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I recall many years back needing more hdd space urgently at work to continue work on a project. So I got a new hdd purchased and went to install in in my work computer. After 1/4 hour of scratching my head wondering why it was only failing with different errors each time I tried to format it. I ended up running in depth diagnostics and found out that it was rather faulty. I've been more careful since then to not assume that just because something is brand new that it actually is in perfect working condition.

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  #2133713 25-Nov-2018 11:42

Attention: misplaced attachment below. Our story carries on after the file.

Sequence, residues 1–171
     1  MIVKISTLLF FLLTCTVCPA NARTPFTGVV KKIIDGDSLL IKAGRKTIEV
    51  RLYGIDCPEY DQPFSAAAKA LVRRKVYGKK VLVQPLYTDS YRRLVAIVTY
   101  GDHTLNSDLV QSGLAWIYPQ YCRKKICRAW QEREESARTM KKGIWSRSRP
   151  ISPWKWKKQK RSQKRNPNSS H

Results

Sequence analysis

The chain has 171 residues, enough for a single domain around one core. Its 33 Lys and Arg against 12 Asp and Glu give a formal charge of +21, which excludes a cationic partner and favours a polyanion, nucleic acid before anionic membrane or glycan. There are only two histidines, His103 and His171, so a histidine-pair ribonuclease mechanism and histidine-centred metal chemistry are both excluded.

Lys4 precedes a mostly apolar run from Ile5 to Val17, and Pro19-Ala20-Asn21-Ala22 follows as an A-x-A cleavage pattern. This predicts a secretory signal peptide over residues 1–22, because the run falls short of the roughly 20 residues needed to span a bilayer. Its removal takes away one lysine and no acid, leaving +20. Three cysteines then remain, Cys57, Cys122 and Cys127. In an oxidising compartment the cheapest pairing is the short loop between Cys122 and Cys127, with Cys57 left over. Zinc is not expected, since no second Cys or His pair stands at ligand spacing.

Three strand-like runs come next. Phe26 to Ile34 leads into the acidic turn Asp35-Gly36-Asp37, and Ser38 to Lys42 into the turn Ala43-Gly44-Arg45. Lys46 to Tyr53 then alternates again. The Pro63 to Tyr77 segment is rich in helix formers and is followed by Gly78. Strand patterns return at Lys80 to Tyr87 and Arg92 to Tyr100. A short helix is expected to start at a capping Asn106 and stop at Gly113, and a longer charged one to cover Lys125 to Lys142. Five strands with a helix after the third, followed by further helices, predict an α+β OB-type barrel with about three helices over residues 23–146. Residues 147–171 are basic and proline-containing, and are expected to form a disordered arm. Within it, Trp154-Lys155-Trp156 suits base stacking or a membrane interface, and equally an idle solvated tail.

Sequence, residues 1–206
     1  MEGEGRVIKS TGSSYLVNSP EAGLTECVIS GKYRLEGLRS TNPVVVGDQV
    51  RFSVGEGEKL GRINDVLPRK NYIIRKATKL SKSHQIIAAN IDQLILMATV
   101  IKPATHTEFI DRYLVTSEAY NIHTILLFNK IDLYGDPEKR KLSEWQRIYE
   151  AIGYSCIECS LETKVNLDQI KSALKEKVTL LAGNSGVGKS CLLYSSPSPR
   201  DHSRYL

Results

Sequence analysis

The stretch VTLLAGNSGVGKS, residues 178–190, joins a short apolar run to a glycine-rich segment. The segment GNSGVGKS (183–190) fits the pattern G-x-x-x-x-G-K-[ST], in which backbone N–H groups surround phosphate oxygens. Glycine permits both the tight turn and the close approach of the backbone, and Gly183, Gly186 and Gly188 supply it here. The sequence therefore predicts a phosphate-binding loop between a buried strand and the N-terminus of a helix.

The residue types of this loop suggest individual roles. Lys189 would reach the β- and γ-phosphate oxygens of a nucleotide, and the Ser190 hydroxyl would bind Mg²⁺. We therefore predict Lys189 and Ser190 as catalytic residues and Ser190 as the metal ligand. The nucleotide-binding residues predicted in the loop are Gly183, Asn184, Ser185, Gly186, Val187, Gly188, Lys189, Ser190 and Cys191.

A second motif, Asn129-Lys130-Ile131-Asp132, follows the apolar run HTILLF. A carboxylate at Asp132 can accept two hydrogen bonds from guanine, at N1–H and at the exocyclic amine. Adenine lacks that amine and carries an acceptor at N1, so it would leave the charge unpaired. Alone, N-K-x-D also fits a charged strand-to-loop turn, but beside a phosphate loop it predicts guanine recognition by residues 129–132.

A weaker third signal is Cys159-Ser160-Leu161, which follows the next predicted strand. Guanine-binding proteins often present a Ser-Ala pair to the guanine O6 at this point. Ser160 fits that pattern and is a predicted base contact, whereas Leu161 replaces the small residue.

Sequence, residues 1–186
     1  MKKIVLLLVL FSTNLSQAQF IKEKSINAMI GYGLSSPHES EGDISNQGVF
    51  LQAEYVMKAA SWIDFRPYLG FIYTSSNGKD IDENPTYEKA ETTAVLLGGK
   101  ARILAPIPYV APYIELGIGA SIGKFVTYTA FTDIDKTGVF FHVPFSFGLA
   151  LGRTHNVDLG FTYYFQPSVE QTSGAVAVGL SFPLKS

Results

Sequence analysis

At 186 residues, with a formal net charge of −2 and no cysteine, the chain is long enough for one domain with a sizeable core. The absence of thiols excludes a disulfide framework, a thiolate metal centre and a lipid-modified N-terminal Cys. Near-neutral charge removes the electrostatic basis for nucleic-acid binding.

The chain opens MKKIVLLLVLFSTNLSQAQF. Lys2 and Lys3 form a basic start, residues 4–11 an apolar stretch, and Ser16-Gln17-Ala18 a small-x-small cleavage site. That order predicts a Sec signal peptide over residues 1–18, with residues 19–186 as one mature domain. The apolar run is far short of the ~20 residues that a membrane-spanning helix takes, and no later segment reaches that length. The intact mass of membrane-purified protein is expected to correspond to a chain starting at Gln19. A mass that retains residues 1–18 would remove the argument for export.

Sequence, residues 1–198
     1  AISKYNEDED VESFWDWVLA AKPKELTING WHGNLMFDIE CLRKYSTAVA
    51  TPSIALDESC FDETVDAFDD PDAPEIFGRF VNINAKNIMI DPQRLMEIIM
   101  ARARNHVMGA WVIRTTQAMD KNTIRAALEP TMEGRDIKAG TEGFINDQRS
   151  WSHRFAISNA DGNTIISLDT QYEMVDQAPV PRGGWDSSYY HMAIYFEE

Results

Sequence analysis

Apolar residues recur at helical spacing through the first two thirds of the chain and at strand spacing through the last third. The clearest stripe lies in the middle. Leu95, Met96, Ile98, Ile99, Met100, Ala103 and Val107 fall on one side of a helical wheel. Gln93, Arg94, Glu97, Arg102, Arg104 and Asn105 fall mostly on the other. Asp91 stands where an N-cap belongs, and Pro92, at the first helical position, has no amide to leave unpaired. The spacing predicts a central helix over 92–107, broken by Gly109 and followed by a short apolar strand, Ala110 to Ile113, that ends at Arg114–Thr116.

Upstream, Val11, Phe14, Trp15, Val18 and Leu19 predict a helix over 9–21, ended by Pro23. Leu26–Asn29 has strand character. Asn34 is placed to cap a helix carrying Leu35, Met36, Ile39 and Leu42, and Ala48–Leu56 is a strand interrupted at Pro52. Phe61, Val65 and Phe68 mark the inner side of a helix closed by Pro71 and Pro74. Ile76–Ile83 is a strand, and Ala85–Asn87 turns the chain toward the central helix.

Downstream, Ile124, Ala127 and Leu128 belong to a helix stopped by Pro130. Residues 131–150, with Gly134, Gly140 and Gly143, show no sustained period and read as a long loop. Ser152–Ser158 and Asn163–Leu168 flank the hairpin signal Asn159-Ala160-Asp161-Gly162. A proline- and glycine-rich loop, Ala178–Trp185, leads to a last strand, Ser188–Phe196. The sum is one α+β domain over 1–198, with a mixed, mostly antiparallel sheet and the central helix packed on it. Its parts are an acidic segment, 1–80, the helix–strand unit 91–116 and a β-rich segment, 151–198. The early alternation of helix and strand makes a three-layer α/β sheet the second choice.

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My horror story isn't as bad as some of the ones posted here! I was just minding my own business when the computer suddenly popped up with the "always eject the drive before you disconnect it" message and then promptly crashed. Rebooted and no drive found.


I had a backup of everything so it wasn't a huge loss other than the inconvenience of having to restore everything.

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  #2134017 25-Nov-2018 21:34
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I remember saving programs to cassette tape, the 15 min tape worked better as the longer tapes would stretch more=loss of data.


I've had 3.5 floppies die, USB sticks and last year a WD Back up drive.


Just invested in a new motherboard which will take that type of SSD, would be so great to have so much fast storage.


I have a 128gb SSD which makes games load fast but its full now.


Someones going to have a Happy Christmas with a new 1TB SSD.